Alexandra PothOPD Legal Department

Working for the Ohio Public Defender’s office solidified my goal to become a public defender. I always knew I wanted to work in public interest, particularly indigent criminal defense, however working with clients and assisting with cases was incredibly rewarding. At OPD, I primarily worked on researching discrete legal issues for attorneys, assessing client files for legal claims, and drafting motions or briefs.

The most meaningful assignment I received during the summer was when I worked on a full-board for an individual who had been in prison since 1994. I had the opportunity to meet the individual in prison and assist with his interview. I later then met his family and helped prep them for the full-board event itself. Seeing the family members, the person incarcerated spoke about allowed me to place a face to a name. Full-boards, or parole board hearings, are an emotional event. The procedures surrounding the event have recently changed, the individual in prison is now permitted to be present via live-stream and has a chance to speak to the board. The victim (or victim’s family) has the opportunity to speak to the board. Watching someone who had been in prison longer than I had been alive be granted parole was the most surreal experience. Watching his family celebrate in the halls, while victim’s family remains solemn, is incredible. This was one of the few times I had client contact in my job.

While I did not work as a trial intern, the OPD’s trial team worked on the same floor as the legal department, so the trial attorneys invited us to watch cases in rural Ohio courts. Rural courts in Ohio operate on a different wave-length than Franklin County courts. One judge, in a one court room court house, did not allow defense attorneys to re-cross, but did allow the prosecution to re-direct. In one case, I watched a judge spend over an hour researching a legal issue that was raised on a trial motion to find a way to rule in favor of the prosecution as opposed to the defense. The judge at one point directly addressed the prosecution and stated something similar to “help me find a way to rule in your favor”. The trial attorneys took difficult clients as well as servicing rural areas. One such client was a sovereign citizen, who believed that if his name was spelt in all caps was not him, but a separate entity created from his social security number. His defense was a mens rea based argument, that he did not knowingly lie to the police that the name on the protection order was not him, because the name was in all caps so he does not believe that name is him.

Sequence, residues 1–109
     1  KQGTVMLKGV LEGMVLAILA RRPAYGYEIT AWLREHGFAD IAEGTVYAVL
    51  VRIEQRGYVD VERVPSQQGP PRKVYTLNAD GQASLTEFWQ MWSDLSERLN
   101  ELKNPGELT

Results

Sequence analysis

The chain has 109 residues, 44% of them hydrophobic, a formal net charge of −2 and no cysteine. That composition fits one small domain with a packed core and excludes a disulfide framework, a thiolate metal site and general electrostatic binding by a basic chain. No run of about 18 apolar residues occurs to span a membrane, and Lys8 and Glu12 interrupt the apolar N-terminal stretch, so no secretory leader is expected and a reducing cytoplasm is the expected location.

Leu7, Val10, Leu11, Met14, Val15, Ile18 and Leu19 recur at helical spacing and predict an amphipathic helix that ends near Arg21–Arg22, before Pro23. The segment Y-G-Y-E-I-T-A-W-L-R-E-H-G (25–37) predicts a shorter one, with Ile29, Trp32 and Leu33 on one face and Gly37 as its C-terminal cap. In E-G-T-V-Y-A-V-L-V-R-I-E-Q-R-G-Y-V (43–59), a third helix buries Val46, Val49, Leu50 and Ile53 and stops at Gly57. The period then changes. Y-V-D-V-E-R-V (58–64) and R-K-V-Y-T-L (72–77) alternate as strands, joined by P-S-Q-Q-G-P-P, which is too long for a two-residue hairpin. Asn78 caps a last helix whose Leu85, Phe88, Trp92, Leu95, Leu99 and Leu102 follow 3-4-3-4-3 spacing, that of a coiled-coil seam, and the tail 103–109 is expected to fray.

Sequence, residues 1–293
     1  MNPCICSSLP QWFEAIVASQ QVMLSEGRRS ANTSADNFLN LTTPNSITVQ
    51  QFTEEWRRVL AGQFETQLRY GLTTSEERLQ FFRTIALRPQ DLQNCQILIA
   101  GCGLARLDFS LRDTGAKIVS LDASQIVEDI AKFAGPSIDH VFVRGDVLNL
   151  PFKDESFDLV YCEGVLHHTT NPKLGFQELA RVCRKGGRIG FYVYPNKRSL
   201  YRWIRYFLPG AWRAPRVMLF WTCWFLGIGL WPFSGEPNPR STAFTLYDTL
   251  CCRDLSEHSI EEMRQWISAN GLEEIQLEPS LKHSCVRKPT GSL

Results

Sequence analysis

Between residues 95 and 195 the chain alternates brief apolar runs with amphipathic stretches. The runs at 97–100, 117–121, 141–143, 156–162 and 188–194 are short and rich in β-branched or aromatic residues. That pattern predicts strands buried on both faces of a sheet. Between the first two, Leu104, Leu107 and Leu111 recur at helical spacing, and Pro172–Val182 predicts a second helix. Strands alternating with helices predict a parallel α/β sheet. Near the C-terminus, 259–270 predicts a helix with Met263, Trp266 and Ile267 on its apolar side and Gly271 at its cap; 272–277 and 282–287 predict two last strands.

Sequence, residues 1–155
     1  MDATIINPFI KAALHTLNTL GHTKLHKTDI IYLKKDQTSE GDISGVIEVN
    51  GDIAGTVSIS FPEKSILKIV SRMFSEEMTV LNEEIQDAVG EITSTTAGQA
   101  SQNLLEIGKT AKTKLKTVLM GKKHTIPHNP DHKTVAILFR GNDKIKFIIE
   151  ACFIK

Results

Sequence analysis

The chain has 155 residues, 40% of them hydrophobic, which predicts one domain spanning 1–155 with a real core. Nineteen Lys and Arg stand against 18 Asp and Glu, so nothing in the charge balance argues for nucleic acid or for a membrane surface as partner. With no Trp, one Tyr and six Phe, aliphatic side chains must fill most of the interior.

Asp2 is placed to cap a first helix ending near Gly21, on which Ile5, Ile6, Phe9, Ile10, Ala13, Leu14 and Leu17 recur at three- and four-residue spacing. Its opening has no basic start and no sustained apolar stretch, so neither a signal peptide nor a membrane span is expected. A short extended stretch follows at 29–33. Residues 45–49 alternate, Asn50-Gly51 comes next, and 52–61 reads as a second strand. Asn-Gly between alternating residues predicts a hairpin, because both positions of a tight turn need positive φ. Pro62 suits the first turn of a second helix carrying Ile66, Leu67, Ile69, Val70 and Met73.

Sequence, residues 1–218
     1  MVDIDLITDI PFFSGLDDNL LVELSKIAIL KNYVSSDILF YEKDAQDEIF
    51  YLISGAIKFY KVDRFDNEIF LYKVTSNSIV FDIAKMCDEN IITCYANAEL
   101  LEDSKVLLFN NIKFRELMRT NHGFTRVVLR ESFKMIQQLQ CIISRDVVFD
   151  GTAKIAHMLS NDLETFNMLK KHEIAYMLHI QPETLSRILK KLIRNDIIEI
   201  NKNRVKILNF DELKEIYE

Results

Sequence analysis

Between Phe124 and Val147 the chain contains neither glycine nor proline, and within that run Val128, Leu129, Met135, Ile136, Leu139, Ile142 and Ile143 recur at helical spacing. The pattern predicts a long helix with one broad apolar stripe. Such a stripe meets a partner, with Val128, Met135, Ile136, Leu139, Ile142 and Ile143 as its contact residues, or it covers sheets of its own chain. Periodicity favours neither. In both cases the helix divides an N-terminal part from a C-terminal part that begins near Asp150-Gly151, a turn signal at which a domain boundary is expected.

As the summer progressed, the attorneys trusted me to handle more serious assignments. Towards the end of the summer, I wrote two reply briefs for an Ohio appellate court. The office hired me at the end of the summer to work in the fall.

 

Shahrzad ShamsFederal Public Defender’s Office for the Southern District of Ohio in the Capital Habeas Unit

I spent my summer at the Federal Public Defender’s Office for the Southern District of Ohio in the Capital Habeas Unit (CHU). The CHU represents indigent clients on death row. Our office is a client’s “last chance” before facing execution, a process that generally takes 20 years or more from the time of initial sentencing to death. My time at the CHU included a lot of research, reading, writing, and organizing data and documents.